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Abstract – Background - Heart failure (HF) is a global public health problem of increasing importance. The association between acute exposure to air pollution and HF has been well established in developed countries, but little evidence was available in developing countries where air pollution levels were much higher. We conducted a time-series study to investigate the short-term association between air pollution and overall emergency ambulance dispatches (EAD) due to HF in Guangzhou, China. Methods - Daily data of EAD due to HF from 1 January 2008 to 31 December 2012 were obtained from Guangzhou Emergency Center. We applied the over-dispersed Poisson generalized addictive model to analyze the associations after controlling for the seasonality, day of the week and weather conditions. Results - We identified a total of 3375 EAD for HF. A 10-μg/m3 increase in the present-day concentrations of particulate matter with an aerodynamic diameter of less than 10 μm, sulfur dioxide and nitrogen dioxide corresponded to increases of 3.54% [95% confidence interval (CI): 1.35%, 5.74%], 5.29% (95% CI: 2.28%, 8.30%) and 4.34% (95% CI: 1.71%, 6.97%) in daily EAD for HF, respectively. The effects of air pollution on acute HF were restricted on the concurrent day and in the cool seasons. Conclusions - Our results provided the first population-based evidence in Mainland China that outdoor air pollution could trigger the exacerbation of HF.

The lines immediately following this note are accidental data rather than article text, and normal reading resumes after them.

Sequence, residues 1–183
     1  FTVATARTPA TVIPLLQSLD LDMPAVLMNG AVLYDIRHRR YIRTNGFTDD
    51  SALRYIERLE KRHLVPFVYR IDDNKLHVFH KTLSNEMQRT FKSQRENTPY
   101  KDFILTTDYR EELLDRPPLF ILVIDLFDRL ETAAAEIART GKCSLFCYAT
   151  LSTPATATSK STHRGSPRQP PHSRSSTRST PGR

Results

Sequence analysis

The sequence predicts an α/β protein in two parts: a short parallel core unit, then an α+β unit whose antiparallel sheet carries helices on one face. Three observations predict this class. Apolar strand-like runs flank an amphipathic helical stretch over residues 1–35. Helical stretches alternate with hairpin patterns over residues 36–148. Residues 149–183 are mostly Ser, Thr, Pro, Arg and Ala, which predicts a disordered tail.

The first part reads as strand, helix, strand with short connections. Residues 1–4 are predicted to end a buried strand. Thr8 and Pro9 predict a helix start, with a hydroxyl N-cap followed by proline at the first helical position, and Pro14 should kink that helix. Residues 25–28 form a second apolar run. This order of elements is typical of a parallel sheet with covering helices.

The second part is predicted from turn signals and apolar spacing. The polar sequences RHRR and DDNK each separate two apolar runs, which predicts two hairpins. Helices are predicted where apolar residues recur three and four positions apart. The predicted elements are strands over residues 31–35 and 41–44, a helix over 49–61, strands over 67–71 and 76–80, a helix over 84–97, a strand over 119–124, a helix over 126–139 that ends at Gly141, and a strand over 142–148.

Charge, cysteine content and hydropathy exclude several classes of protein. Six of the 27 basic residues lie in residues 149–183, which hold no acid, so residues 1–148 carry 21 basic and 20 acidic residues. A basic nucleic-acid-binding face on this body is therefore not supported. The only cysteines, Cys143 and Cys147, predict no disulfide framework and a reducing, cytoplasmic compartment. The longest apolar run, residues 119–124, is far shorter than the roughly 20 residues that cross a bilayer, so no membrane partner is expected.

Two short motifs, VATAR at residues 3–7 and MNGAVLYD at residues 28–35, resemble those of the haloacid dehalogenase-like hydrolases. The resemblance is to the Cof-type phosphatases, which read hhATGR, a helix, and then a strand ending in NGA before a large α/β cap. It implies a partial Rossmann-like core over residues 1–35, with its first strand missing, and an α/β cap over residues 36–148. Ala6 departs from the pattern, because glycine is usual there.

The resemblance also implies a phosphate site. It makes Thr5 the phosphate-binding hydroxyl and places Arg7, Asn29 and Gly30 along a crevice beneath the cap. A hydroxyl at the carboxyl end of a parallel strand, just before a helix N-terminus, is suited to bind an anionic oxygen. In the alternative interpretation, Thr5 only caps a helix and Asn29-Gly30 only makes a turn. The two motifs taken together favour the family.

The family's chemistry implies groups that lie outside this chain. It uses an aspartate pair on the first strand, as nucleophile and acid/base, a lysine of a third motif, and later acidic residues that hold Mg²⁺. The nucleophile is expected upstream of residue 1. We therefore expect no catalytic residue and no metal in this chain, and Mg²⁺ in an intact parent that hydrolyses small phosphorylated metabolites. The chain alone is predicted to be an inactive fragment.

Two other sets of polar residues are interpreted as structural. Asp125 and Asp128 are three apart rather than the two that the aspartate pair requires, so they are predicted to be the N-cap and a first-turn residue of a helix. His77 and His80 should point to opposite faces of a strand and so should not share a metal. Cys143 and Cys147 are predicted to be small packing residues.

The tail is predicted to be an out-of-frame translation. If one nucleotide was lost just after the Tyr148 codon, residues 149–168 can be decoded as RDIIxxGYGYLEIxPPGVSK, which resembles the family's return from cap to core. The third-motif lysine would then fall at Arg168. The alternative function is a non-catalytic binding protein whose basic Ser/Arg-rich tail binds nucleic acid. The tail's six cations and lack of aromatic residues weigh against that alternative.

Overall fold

Yang, C., A. Chen, R. Chen, Y. Qi, J. Ye, S. Li, W. Li, Z. Liang, Q. Liang, D. Guo, H. Kan, & X. Chen (2014) Acute effect of ambient air pollution on heart failure in Guangzhou, China, INTERNATIONAL JOURNAL OF CARDIOLOGY 177(2):436-441.